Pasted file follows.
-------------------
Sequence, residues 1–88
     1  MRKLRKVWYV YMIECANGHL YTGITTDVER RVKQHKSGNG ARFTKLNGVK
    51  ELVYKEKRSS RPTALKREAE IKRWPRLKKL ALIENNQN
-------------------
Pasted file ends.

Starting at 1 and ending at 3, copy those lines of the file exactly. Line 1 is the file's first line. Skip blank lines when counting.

Sequence, residues 1–88
     1  MRKLRKVWYV YMIECANGHL YTGITTDVER RVKQHKSGNG ARFTKLNGVK
    51  ELVYKEKRSS RPTALKREAE IKRWPRLKKL ALIENNQN